[3] For a full study of Dominion Theology see, https://digitalcommons.liberty.edu/cgi/viewcontent.cgi?article=1073&context=pretrib_arch.

[4] Ice, Thomas D., “What is Dominion Theology?” (2009). Article Archives. 74. https://digitalcommons.liberty.edu/pretrib_arch/74

[5] Source: https://www.wthrockmorton.com/2011/08/26/it-is-dominion-we-are-after/; Accessed 13 Dec 2021.

[6] Source: https://www.wthrockmorton.com/2011/08/26/it-is-dominion-we-are-after/; Accessed 13 Dec 2021.

[7] Source: https://www.generals.org/the-seven-mountains; Accessed 14 Dec 2021.


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Growing Capacity: leadership development


Leaders who face and embrace challenges grow in their capacity to handle complexity. Conversely, leaders who avoid challenges tend to become cynical power mongers.

I met with a couple of younger leaders the other day whose presence on the Zoom call was stunningly different than it was at the beginning of the COVID pandemic. I’d characterized their presence as tentative at best two years ago. They had just bought a successful but stagnant insurance agency and stepped into the challenges of owning a business. In the transition, employees challenged their authority, questioned their decisions, and tempted themselves to second guess. The pandemic blew up their sales, threw them into a tailspin trying to figure out how to keep serving clients and engaging new clients.

Last week’s meeting was different. We scheduled the most recent session to go over their Q3 performance. When they logged on, I noticed a new sense of calm, not rooted in naivete but a growing experience. They defined the challenges in front of them and reflected on accomplished goals. They were ready to engage in a creative exercise of future perfect thinking rather than handwringing anxiety about an uncertain future.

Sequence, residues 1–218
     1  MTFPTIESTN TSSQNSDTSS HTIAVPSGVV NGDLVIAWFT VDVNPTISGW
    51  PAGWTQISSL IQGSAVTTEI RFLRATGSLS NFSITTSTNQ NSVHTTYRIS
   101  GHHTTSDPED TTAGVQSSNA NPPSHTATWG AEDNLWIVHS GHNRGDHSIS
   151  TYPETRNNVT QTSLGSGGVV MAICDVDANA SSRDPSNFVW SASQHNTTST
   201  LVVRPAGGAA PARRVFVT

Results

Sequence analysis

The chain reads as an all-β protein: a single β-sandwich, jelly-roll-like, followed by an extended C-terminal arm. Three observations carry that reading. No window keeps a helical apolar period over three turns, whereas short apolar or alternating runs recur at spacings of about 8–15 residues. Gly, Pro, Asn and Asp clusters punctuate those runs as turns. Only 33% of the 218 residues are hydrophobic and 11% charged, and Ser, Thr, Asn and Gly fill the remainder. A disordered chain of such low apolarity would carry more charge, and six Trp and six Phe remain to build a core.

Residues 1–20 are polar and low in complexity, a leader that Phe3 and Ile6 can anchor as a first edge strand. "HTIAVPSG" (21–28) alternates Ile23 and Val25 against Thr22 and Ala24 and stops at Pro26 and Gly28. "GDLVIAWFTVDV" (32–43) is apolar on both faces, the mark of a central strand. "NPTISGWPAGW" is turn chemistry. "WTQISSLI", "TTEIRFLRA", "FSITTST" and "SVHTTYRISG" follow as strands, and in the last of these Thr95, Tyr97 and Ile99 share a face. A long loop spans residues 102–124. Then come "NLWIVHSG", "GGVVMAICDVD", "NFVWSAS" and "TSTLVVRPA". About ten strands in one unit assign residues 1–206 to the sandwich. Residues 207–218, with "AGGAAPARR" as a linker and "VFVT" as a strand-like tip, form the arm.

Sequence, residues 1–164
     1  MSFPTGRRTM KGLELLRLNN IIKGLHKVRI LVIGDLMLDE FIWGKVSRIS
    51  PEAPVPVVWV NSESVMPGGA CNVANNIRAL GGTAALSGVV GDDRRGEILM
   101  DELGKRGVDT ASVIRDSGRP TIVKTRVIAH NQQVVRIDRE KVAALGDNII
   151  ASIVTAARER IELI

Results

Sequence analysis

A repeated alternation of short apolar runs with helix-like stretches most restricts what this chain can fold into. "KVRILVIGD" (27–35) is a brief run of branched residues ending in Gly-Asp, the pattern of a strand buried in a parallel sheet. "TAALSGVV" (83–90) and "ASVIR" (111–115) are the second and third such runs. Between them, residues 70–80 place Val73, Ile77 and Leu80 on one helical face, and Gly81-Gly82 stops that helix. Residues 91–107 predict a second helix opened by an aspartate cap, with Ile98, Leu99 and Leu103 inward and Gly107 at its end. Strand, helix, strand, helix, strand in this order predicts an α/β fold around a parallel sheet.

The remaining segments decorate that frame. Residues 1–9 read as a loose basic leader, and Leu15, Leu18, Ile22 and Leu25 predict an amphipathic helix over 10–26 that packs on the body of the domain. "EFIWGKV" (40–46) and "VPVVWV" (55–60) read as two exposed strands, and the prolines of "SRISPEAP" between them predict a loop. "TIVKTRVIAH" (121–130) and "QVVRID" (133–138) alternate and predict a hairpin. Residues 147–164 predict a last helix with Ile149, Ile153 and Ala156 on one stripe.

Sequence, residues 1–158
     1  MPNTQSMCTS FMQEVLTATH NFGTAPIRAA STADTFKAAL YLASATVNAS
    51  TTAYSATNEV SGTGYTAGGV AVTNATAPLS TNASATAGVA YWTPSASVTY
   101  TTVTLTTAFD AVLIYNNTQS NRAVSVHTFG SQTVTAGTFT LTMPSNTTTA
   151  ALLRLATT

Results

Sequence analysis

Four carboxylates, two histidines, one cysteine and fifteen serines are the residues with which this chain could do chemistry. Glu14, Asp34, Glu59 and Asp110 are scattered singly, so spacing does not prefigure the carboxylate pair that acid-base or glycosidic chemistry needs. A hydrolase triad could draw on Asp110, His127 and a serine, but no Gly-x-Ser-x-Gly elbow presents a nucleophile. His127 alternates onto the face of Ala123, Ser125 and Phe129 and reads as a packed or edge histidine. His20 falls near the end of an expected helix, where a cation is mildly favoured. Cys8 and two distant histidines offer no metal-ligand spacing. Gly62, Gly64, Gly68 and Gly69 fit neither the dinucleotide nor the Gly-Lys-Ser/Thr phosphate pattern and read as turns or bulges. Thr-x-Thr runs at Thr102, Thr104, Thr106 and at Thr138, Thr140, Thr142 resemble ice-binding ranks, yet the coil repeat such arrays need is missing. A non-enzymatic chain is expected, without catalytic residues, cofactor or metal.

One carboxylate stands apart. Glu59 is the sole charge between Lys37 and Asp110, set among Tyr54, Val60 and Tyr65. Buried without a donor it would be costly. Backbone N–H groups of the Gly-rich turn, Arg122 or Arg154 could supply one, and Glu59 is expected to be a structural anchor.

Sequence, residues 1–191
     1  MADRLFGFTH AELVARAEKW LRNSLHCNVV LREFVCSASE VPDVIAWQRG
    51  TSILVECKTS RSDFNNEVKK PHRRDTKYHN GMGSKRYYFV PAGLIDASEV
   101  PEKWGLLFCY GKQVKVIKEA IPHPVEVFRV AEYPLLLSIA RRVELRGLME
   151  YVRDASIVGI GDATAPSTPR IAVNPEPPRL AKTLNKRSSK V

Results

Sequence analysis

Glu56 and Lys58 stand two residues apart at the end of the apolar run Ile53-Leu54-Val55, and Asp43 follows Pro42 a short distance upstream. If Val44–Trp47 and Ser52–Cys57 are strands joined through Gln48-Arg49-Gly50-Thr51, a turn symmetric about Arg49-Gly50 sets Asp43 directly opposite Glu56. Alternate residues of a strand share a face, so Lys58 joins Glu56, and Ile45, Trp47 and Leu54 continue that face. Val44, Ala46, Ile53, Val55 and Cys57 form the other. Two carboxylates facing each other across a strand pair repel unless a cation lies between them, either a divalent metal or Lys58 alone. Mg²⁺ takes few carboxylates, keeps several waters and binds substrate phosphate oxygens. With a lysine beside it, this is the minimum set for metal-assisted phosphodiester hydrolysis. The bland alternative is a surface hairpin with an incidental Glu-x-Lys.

Leaders who embrace the challenges of their context grow their capacity. But challenges don’t automatically develop leadership capacity. One of my graduate professors was fond of saying that development as a leader depended on several variables, one of which was the leader’s response. How a leader responds to pressure determines whether that pressure shapes additional skill and capacity or warps the leader’s assumptions and perception. One question that helps reframe a leader’s perspective from panic to learning is, what assumptions do I need to let go of to grow rather than rage?

When I hear a leader rage about their challenges (including blaming others and self-pity), I anticipate a failed learning opportunity. Anger covers the fear of failure and exposes the leader’s unspoken (and frequently unrealistic) expectations of others. Rage blinds a leader to the possibilities of challenge. Seething anger bends the leader toward a reliance on power and threats and essentially turns a leader into a complete ass.

So, I encourage leaders who sense a loss of control to ask the reframing question. How do you handle the challenges of your role? Do you rage or reframe?